The difference in treatment between finance leases and operating leases has, for years, stood out as an inconsistent fillip of established accounting practice. Now the International Accounting Standard Board has developed a regime that will allow all leases to be treated the same way, and has published new rules (in IFRS 16) to that effect, with an effective date of 1 January 2019. The new rules will have knock on effects for reporting under both IFRS and UK GAAP standards.

The proposed rules are still filled with caveats and exemptions (leases with less than a year left to run or leases of low-value assets, for example). Without going into the detail of the rules (which, effectively, record leases on balance sheet as assets and liabilities and then allow the asset to depreciate in a straight line over time whilst accounting for interest costs repaid over time), it is clear that the rules will have some impact on the figures companies report.

A welcome development is the simplification of auditing and reporting for companies that are operating lease-heavy. For most corporate borrowers, this should take welcome effect after a transition period, as most loan agreements have particular rules regarding any change in accounting principles that involve a certain amount of comparison and side-by-side reporting in order to enable lenders to draw accurate conclusions when comparing to financial statements from before the change took effect.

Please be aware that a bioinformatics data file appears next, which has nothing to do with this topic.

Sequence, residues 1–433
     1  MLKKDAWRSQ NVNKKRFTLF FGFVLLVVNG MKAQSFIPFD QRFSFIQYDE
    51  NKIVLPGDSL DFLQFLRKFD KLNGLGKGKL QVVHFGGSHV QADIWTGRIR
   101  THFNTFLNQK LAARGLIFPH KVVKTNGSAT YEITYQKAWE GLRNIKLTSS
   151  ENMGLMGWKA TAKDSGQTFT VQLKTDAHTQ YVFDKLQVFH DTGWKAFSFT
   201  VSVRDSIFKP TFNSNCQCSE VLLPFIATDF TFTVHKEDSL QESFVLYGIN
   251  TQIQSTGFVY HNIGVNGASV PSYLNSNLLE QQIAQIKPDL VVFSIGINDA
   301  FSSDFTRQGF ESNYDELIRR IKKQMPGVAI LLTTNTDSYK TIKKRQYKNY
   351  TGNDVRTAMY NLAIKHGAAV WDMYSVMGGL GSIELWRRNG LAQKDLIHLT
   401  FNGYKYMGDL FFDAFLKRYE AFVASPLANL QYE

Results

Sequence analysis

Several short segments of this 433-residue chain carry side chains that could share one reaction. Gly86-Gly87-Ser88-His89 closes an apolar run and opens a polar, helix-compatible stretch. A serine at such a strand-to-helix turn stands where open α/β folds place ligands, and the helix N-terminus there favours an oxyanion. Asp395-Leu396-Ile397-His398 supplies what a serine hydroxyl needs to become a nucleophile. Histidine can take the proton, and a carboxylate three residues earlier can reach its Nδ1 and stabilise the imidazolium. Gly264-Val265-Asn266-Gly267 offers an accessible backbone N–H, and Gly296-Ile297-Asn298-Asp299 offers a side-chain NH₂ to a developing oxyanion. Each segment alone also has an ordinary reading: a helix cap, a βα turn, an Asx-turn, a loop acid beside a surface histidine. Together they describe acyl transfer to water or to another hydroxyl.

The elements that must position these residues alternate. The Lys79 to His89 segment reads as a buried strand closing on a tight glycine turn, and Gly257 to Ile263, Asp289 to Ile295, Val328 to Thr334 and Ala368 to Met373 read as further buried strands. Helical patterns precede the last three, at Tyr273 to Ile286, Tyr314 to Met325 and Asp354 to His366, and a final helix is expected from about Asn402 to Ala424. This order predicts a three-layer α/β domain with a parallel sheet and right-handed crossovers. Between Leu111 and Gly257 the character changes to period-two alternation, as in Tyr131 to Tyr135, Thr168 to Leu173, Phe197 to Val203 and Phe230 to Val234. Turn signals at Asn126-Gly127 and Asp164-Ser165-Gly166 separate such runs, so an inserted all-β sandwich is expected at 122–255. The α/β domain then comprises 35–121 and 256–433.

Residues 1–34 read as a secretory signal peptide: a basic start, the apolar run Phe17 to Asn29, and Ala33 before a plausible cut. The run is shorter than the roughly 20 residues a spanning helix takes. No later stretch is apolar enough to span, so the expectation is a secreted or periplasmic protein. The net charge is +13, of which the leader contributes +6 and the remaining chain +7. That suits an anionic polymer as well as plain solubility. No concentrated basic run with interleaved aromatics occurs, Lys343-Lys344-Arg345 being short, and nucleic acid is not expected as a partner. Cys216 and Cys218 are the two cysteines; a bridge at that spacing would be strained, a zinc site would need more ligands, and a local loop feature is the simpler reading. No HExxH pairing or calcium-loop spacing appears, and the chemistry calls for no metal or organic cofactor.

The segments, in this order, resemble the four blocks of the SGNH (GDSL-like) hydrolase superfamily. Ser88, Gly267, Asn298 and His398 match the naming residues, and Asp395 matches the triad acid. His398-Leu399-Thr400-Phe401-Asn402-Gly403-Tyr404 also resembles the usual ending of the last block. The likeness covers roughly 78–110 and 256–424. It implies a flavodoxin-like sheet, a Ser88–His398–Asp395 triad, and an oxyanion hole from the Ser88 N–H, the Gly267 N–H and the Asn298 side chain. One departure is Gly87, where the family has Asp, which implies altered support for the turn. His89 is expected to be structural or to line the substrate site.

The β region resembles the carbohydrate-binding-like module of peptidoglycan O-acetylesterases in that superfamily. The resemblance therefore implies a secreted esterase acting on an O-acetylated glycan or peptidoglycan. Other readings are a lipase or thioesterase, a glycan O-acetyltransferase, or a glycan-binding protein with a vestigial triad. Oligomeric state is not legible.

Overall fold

During the initial consultation period, the International Accounting Standard Board identified that the changes might have an impact on how financial covenants are calculated. In particular, EBITDA looks set to increase for companies that have a number of leases that currently fall on the operating lease side of the division. However, depending on how leases (and, particularly, off-balance-sheet leases) are treated, parties may need to re-negotiate certain defined terms in their financial covenants in advance of the accounting practices being changed, in order to avoid potential breaches.